Warrior-philosophers, halfway between classic Harpies and Tengu. Mystically inclined- daughters of the ashes of the Phoenix, both aligned to air and fire.

Description:

With the death and rebirth of the Phoenix, burning hot embers the size of giant melons are left behind. Collected, cared for, and carefully sung over, they hatch to produce the proud race of the Hakorrah, in common parlance known as the Harpies, whom Summoners have called upon for the knowledge of the skies, stars, and faraway lands.

They hear the first cries of the Phoenix as ember-eggs, and it is the Words of Creation they part-remember, and it is this, that makes up their “Terrifying Screech” ability- a fragmented spark of divine language that stuns their prey, and is what they consider to be a piece of the Great Poem of Creation.

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Go listen!

September 20, 2009

Finally got a chance to listen to Theory From the Closet’s Podcast on Homesexuality & RPGs, which was fun. It’s a slow start but once Alexander starts in full snark rant, it’s quite entertaining.

I like the fact that he points out the connection of issues of representation, norm vs. othering, tying in both to gender & race as well (and stuff like whitewashing book covers to movies) as well as the ways in which “edgy” is kind of a red flag for how backwards people are at. (I remember a conversation a couple years back where someone asked what I was expecting, and I said, “If gaming could be ONLY as messed up as Hollywood, that’s be a step forward…”)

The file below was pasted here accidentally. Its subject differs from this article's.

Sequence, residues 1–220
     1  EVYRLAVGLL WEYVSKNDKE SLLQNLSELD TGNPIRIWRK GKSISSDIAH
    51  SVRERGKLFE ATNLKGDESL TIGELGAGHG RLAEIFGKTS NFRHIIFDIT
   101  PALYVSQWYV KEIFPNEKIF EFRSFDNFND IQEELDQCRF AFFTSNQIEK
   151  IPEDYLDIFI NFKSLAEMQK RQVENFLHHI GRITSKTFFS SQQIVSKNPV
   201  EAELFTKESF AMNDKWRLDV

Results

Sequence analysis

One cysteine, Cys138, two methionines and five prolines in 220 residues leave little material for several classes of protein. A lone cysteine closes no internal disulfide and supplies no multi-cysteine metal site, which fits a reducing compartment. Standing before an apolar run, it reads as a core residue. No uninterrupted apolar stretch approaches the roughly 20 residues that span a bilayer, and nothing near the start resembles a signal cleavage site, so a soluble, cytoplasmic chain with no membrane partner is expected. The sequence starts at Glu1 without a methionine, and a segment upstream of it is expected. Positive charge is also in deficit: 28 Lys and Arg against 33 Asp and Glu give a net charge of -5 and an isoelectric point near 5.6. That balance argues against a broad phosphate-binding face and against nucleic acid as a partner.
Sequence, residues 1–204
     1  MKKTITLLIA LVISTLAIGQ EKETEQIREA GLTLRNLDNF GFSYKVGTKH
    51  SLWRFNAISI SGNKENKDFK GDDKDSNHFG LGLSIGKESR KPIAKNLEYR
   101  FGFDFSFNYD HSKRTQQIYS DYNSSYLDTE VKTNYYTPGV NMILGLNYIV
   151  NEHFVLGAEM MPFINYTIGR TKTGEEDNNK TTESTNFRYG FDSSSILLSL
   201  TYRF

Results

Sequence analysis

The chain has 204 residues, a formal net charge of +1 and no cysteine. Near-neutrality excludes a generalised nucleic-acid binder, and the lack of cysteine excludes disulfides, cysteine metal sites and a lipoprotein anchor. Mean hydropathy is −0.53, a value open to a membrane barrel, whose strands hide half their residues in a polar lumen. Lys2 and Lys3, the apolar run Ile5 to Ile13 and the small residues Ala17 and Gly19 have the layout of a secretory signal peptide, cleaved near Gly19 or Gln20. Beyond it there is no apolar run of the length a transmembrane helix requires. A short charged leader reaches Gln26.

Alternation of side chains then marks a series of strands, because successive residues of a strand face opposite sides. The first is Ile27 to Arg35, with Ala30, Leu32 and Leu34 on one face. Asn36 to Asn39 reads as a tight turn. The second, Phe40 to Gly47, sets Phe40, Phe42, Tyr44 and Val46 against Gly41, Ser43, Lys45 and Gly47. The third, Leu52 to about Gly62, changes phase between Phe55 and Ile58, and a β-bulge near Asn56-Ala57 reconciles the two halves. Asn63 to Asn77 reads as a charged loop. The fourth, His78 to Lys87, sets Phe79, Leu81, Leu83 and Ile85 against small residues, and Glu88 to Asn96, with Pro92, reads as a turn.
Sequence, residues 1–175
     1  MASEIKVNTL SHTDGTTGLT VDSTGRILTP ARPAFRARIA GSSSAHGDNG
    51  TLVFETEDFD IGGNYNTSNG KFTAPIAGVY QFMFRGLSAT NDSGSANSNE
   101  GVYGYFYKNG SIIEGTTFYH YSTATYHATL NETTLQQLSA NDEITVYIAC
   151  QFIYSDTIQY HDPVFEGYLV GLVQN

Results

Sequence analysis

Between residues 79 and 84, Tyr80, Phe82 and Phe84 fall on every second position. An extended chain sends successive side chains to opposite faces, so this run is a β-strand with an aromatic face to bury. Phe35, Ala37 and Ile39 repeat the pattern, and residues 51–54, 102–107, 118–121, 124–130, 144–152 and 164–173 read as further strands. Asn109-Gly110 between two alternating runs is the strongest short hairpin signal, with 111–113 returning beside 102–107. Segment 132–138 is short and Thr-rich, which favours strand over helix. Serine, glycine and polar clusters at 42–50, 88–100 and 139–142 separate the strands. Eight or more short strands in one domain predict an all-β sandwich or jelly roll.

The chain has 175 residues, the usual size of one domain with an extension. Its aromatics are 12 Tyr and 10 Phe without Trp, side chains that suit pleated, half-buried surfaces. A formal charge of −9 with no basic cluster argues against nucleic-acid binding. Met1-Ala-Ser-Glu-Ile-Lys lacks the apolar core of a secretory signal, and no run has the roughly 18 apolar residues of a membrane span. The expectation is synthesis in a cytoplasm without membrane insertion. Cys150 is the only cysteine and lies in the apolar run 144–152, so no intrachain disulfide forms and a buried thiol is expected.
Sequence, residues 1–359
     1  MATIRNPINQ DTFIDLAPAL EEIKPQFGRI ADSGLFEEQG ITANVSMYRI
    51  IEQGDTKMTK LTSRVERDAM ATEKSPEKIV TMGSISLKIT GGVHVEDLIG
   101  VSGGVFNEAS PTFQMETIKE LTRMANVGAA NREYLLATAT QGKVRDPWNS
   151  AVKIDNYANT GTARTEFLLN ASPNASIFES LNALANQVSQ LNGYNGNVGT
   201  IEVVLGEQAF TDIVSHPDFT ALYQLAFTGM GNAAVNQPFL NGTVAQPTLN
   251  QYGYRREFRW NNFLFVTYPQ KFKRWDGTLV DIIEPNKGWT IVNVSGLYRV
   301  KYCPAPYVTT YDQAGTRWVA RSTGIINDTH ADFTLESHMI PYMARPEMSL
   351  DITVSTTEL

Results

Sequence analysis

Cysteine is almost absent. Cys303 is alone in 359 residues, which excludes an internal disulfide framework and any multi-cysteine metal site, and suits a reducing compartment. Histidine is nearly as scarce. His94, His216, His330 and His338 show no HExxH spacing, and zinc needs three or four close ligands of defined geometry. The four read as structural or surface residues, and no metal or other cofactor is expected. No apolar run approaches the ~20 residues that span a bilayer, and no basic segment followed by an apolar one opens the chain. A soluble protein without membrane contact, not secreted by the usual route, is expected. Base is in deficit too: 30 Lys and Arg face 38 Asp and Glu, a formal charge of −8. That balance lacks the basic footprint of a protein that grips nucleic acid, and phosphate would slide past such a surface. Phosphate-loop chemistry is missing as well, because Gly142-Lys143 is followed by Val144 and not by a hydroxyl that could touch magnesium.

A damn good show worth listening to.

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A design thought

September 17, 2009

What a game is about vs. what it does vs. what the game has in the fiction are three very different things to explain to a group.

What’s in the fiction is the easiest to push- “A game about samurai”, and yet could really be anything otherwise. What it does is more understood by folks who get how systems push people, and what it’s about is usually the least understood because it’s the creative void in a game.

Of course, this is the Color vs. Technical vs. Creative Agenda concept expressed differently…

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The continuing conversation

September 16, 2009

Pattern Recognition: A dialogue on racism in fan communities covers a lot of media/race issues in a really powerful way. It’s really cool to see the kind of dialogue you can get across the board- POC/white allies, LGBTQ & straight allies, across gender, etc. when there’s a baseline requirement for discussion. (ETA: and a great interview w/Verb Noire as well…)

The reason I so often point to sci-fi/fantasy/etc. as media markers is that they’re often not -as tied- to social expectations, and to a degree, form a general space for people to project what they can imagine into. It says a lot going both ways whether you can imagine us in your space or you can’t imagine us at all outside of myths and falsehoods.